What started as a humble tabletop farm at the University of Virginia has since evolved into a major company to watch in the vertical farming space, particularly when it comes to the software piece of the process. Babylon Micro farms has over the last few years garnered quite a bit of attention for its controlled-environment farms the company now licenses to hospitals, cafeterias, and other foodservice operations.
Based in Charlottesville, Virginia (though soon moving HQ to Richmond, VA) Babylon makes a “plug-and-play” system for hydroponic farming that automates much of the growth process and makes controlled-environment farming more accessible. The company raised a $2.3 million seed round in January of this year and, its current product is a standalone farming unit that grows leafy greens.
Of late, however, the bulk of founders Alexander Olesen and Graham Smith’s focus is on software: namely, using it to automate the growing process, which removes the more complicated aspects of vertical farming that would be off-putting to the average user. “Growing is a cumbersome experience for many,” Olesen explained to me over the phone this week. “Removing the friction of the user experience and combining that will some of the remote management [will make] smaller forms of vertical farming possible.”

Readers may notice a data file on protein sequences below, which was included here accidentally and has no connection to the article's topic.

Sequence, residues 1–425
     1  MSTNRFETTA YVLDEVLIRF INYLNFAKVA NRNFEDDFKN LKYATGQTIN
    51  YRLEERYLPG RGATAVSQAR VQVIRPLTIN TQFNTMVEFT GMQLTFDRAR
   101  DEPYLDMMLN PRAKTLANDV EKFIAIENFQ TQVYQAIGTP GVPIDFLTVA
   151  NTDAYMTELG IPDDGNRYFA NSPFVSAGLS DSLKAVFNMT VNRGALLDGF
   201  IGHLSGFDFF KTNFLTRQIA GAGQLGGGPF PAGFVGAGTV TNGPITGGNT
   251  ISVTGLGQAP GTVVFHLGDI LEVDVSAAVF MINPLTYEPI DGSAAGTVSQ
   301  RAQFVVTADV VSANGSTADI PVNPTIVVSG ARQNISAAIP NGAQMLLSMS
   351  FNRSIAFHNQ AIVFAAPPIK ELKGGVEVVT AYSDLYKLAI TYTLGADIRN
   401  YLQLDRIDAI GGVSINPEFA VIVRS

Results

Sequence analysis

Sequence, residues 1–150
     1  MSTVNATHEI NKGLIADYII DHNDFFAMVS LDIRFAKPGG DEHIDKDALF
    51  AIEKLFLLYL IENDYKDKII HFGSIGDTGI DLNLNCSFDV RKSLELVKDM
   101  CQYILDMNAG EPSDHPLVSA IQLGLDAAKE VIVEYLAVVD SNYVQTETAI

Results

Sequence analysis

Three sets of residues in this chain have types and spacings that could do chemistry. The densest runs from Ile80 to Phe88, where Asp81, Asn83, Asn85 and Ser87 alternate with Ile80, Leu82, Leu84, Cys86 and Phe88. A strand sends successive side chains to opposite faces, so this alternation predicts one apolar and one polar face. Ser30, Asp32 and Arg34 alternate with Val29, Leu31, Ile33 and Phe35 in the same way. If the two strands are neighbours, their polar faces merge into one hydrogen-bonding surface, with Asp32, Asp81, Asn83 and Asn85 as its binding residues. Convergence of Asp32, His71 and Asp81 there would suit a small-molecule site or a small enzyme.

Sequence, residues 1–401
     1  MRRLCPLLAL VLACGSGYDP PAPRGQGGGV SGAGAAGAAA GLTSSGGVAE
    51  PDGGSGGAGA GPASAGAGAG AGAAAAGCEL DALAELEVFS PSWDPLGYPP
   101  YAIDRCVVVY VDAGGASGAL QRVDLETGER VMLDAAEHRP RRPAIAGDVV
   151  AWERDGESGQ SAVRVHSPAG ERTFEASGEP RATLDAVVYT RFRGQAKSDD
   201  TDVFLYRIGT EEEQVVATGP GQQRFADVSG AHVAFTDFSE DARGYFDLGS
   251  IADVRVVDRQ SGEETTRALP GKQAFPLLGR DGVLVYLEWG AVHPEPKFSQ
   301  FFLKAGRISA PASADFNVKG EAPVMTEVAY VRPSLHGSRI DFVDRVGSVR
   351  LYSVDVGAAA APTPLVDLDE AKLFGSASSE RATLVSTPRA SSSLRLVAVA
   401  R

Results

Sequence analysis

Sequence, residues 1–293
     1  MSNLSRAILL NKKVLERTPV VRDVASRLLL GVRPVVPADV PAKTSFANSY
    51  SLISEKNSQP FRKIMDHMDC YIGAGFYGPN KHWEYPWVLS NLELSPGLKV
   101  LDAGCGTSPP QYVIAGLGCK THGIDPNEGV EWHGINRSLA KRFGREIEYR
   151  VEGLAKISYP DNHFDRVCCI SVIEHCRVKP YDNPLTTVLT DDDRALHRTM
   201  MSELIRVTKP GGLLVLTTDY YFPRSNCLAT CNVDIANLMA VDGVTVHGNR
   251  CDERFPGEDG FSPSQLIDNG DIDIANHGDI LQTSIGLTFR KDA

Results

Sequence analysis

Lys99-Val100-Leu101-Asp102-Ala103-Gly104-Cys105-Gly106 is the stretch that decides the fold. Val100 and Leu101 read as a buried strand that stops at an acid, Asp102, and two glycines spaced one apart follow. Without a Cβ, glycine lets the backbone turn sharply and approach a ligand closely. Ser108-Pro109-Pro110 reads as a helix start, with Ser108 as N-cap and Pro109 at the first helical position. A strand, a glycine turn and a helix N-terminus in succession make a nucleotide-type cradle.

Where the average person to try and build their own high-tech grow system, it would require significant expertise in horticulture, hardware infrastructure, and software development. To name just a few examples, that would include calculating one’s one LED light recipe (which takes the place of sunlight in controlled-environment ag), controlling the temperature of the farm, and understanding how much nutrient to feed each crop and when to do that. Every day would require a certain amount of trial and error for every plant variety.
Read more at The Spoon (Jennifer Marston)